Q:Finally, how will your students approach the culinary competition. What is the game plan to transform ingredients into a competition worthy dish?

A: Preparation is the key factor. From what I have been told about this event, and everything I can find, it looks to be challenging because there is not much cooking equipment available. Competitions are nothing more than a mirror of real life scenarios in my mind. You must be ready for anything and everything. The only way to do that is to prepare.

We live by two quotes… Dwight Eisenhower's words, "The Plan is nothing, Planning is everything." and Vince Lombardi's words, "Perfection is not attainable, but if we chase perfection we can catch excellence." These two quotes hang in our student-run restaurant kitchen. It doesn’t matter if we are in normal everyday service or practicing for the State Championship, we try to live by these two quotes every day.

Competitions should not be special; they should reflect and be an enhancement of the everyday educational experience. In fact, we do not choose students to compete based on skill, we choose students to compete based on what they have done for others. What kind of community service are they doing, are they helping other students who need a hand etc. The four students I am bringing have excelled in giving of themselves to others in a genuine manner and are in great academic standing. That is why they are on our team and coming to this event.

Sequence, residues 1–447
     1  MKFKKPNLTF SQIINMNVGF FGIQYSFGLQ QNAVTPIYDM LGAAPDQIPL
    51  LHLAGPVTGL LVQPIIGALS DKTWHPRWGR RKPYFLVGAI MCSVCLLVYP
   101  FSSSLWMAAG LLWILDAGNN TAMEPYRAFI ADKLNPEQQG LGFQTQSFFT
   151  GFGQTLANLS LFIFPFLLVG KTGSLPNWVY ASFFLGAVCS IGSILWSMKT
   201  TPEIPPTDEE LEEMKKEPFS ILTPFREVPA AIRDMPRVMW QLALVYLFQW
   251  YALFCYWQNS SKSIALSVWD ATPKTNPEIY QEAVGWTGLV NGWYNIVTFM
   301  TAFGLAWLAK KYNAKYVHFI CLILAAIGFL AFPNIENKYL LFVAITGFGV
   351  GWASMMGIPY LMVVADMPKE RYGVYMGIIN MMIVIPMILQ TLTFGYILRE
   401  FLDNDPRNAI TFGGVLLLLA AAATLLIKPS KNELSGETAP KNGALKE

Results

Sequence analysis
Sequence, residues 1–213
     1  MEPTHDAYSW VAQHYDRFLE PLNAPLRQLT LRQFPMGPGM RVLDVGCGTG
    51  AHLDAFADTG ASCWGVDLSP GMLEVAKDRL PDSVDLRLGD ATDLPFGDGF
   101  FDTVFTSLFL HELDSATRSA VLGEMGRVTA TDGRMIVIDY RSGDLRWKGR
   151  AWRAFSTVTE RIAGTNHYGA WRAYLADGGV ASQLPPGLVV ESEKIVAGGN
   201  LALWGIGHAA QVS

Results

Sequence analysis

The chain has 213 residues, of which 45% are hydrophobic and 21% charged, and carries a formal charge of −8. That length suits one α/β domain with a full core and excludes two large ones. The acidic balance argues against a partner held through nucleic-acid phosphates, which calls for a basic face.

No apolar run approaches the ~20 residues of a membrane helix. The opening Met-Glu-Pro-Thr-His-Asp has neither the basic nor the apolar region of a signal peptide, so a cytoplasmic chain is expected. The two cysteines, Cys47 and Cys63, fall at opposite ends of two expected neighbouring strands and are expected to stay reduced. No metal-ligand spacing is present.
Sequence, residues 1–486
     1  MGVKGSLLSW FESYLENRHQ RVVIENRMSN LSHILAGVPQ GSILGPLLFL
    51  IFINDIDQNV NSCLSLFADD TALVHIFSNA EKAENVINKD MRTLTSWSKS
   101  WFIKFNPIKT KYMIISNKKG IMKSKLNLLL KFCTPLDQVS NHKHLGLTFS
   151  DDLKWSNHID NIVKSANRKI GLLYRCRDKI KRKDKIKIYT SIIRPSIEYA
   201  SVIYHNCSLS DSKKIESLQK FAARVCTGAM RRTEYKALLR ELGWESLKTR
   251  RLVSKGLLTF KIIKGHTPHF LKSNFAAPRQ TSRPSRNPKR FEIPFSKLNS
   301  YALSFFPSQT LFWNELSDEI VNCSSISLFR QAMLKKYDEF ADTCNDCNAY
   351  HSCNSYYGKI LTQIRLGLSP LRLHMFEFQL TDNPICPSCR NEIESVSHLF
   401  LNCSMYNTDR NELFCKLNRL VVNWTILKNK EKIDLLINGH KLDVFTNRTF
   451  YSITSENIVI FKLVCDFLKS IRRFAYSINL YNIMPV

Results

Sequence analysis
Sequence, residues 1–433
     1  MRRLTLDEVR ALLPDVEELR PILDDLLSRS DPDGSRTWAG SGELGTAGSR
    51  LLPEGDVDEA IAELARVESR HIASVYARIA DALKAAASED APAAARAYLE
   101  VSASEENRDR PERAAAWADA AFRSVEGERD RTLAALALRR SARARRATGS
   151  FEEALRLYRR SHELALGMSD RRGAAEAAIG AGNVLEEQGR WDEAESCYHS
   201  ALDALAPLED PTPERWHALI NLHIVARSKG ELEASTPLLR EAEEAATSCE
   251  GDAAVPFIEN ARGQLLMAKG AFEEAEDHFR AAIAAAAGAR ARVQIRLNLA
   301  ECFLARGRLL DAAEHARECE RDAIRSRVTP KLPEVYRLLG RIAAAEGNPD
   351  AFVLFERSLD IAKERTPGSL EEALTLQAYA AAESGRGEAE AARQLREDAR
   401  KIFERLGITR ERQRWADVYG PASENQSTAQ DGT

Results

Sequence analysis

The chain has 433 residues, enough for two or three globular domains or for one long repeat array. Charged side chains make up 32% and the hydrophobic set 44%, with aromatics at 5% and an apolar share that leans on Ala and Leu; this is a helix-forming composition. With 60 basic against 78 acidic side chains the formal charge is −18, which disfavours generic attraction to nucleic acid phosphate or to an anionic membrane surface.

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The foodservice portion of The New York Produce Show and Conference is a vital portion of the event.

You can see that in the agenda of the “Ideation Fresh” Foodservice Forum, which you can see here. This program is specifically dedicated to increasing the use of produce in foodservice. But the whole show is focused on #CelebratingFresh, and part of this is admiration for the work of chefs and encouragement for the next generation of culinary professionals.

So come to New York and register for the “Ideation Fresh” Foodservice Forum right here.

And the entire New York Produce Show and Conference right here.

We still have hotel rooms in the headquarters hotel, so let us know your needs here.

And join us in our effort to boost produce consumption in foodservice at the New York Produce Show and Conference.